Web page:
Bell said he doesn't use other drugs because they're too dangerous. He mentioned prescription drugs and meth as examples.

"It's stupid to me when folks overdose," he said. "And meth has all kind of chemicals. What I use comes from the ground. It's not as bad as ice and all that stuff that's bad for your health."

Bell said he's been arrested three times. The last time was for a nonviolent felony. He is still on probation and enrolled in the DRC program, He also attends AA meetings at the Safe House.

Bell said he has two brothers that play varsity sports at Kendrick High School, and he often wonders what his life would be like if he hadn't gotten hooked on drugs. "I always wanted to play ball, but there was always that setback," he said. "I believe marijuana is holding me back."


Marianne P., 25, is a white female, currently staying at the House of T.I.M.E., a transitional program for women who are addicted and homeless. She reflected on her middle-class upbringing during a recent interview. She was dressed in a lime green V-neck top and tailored grey slacks, her hair pulled back neatly in a ponytail.

Marianne is currently looking for a job and agreed to tell her story only if she would not be fully identified.

She said she grew up in Clarksville, Ga., a rural area where she rode horses and had lots of animals. Her parents divorced when she was 10 years old, and she began drinking at 13.

"There wasn't really a window between me trying alcohol and me drinking excessively," Marianne said. "I never went to parties and got drunk or did that kind of thing. But I was very depressed, maybe because of the divorce and all that."

At 14, Marianne was rushed to the hospital for alcohol poisoning. Emergency personnel pumped out her stomach and she was admitted to a psychiatric hospital for evaluation. She later had kidney and liver problems because of her addiction. In high school, Marianne started mixing alcohol with Xanax and marijuana, and her life continued to spiral out of control. By 17, she was hanging with an older crowd that introduced her to an assortment of drugs.

"I mainly just drank, but because I hung out with a lot of people that did a lot of drugs, it was kind of whatever was there," she said. "So, in that one year I was introduced to crack cocaine, methamphetamine, prescription pills, hallucinogens. Everything pretty much short of heroin I tried. But alcohol was still my drug of choice, and I drank pretty much every day."

Marianne said she got her first DUI at 18, and a month later she was arrested for underage possession of alcohol. At age 19, she married a guy in the Marine Corps. They moved to North Carolina and then Maryland. They had a rocky marriage, but she enrolled at a local college and worked as a technician at a pharmacy.

She thought her life was finally headed in the right direction. But her marriage ended, and she got into another relationship. When that was over, she packed her things and headed back to Georgia to live near her parents -- and got hooked on meth.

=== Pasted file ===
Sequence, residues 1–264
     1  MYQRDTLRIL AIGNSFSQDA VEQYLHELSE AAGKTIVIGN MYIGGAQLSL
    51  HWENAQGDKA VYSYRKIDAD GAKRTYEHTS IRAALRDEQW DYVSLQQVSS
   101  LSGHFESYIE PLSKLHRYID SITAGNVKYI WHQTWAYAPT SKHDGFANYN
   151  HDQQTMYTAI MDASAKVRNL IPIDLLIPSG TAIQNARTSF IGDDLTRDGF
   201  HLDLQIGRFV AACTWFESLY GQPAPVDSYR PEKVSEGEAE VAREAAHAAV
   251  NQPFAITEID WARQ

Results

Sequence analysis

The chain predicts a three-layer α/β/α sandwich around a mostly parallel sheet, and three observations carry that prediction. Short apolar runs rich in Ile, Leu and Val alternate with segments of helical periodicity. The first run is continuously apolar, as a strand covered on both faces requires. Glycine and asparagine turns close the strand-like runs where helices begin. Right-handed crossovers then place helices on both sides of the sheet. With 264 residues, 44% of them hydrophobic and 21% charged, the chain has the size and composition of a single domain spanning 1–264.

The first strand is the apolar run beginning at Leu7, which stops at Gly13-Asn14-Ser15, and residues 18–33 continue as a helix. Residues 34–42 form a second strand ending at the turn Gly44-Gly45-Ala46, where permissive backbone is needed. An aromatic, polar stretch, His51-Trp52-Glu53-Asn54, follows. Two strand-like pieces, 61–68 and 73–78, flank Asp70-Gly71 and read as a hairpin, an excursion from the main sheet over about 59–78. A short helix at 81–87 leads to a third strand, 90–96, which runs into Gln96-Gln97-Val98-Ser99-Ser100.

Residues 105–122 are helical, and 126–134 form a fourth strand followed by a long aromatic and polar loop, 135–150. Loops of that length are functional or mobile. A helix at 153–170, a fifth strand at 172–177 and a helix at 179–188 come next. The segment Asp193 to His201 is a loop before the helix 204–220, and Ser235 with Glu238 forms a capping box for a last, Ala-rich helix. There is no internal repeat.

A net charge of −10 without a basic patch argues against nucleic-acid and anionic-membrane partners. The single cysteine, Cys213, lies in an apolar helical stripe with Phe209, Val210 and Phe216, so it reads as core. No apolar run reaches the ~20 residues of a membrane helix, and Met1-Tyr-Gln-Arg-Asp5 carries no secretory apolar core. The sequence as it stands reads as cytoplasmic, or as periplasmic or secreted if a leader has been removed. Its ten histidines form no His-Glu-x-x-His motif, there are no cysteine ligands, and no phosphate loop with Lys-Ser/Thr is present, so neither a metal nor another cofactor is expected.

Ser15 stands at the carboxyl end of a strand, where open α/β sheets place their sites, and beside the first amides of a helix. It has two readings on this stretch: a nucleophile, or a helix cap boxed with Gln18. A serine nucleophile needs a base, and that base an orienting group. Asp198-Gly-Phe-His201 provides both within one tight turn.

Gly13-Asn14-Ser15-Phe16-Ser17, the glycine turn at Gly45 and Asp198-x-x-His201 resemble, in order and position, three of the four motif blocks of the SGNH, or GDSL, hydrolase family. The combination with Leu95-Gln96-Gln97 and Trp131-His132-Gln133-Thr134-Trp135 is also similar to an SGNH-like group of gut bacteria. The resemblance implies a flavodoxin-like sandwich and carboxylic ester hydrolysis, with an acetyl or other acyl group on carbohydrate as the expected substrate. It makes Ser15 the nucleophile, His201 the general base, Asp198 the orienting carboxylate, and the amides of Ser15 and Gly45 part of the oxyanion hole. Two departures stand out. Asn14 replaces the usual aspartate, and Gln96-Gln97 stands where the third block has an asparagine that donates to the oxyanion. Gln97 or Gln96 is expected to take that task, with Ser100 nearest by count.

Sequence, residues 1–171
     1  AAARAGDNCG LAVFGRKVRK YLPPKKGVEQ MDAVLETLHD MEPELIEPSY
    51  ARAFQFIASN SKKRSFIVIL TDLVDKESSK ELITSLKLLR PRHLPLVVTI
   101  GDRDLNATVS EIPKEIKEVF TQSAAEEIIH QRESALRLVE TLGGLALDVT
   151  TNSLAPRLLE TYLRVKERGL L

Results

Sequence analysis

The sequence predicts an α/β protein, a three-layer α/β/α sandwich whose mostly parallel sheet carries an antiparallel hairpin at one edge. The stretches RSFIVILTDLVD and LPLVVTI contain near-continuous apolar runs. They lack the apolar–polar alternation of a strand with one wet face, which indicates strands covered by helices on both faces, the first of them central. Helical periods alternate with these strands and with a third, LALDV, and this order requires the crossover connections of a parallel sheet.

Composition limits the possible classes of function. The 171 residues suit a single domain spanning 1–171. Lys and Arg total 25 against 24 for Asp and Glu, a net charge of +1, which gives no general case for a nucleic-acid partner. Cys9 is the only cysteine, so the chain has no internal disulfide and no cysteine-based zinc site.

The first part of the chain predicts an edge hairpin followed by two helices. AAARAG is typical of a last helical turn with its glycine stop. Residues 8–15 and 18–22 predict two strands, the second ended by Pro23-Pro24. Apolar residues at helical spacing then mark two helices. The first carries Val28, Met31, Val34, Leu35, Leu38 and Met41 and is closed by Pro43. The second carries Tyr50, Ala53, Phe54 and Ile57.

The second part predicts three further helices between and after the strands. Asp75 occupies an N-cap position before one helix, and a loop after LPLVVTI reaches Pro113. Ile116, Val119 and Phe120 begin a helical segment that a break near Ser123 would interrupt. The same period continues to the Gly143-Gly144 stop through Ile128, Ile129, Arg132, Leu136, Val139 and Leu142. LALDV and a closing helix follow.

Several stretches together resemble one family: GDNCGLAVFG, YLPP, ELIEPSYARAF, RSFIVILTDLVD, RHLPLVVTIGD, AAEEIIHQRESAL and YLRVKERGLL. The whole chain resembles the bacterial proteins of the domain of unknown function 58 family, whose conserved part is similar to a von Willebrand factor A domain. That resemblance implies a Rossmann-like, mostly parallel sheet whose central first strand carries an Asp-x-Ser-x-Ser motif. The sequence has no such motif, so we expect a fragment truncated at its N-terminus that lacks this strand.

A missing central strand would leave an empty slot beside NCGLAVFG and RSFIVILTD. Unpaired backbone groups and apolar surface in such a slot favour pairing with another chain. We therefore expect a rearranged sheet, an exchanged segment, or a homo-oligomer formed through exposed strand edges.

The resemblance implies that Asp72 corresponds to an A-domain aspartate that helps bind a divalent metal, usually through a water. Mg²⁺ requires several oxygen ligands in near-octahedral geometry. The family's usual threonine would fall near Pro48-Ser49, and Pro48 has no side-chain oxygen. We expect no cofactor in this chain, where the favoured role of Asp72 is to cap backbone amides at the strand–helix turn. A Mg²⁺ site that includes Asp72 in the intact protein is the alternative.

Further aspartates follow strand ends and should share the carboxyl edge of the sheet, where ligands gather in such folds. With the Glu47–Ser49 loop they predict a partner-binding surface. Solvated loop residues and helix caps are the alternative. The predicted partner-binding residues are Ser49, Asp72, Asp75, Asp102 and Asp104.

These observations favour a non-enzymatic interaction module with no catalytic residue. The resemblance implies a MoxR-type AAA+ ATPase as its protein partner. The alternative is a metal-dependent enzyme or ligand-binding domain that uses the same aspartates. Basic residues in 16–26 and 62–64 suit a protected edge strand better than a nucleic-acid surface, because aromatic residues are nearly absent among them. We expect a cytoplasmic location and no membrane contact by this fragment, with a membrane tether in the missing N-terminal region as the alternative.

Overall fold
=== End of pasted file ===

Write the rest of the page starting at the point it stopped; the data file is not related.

"It was kind of a bargain that I made. Like 'OK, I'll do meth to keep myself away from drinking,'" she said.

Marianne said the meth addiction progressed quickly from there. She spent her days floating from house to house, driving for drug dealers so she could get free drugs. She had no money for food, so she stayed high so she wouldn't feel hungry.

"It was very hard," she said. "You go into these places and you have no idea who wants to rape you, who wants to rob you, who wants to help you. So you just keep moving because to sit still and stay anywhere for too long is just too risky.

"There's no way to get out of it. There's no way to get money to leave town. All the connections you have will lead you right back to that drug. "

One day, she was traveling in a dope dealer's car when the police stopped them in Banks County. It turns out the car was stolen, and stolen checks were in the back seat. Authorities charged her with felony theft by receiving and forgery. She was embarrassed when her father came to visit her in jail, but at least she was safe.

"All I wanted was to be able to sleep and not have somebody looking over my shoulder trying to get something," she said. "So I really enjoyed jail for those two months."

When she was released from jail, she spent six months living in an RV in her father's yard. She stayed away from her street friends because she didn't want to mess up her legal situation. In December 2012, she went to court and all the charges were dropped.

Marianne said that's when she decided make a change. She said she got drunk one last time, and then tried to find help. She discovered the House of T.I.M.E. and submitted an application. Now she's a recovering addict, trying to get her life on track.

"Sometimes I feel I don't deserve this," she said, of her stay at the transitional home. "But I'm so grateful to be here. There is no place I would rather be."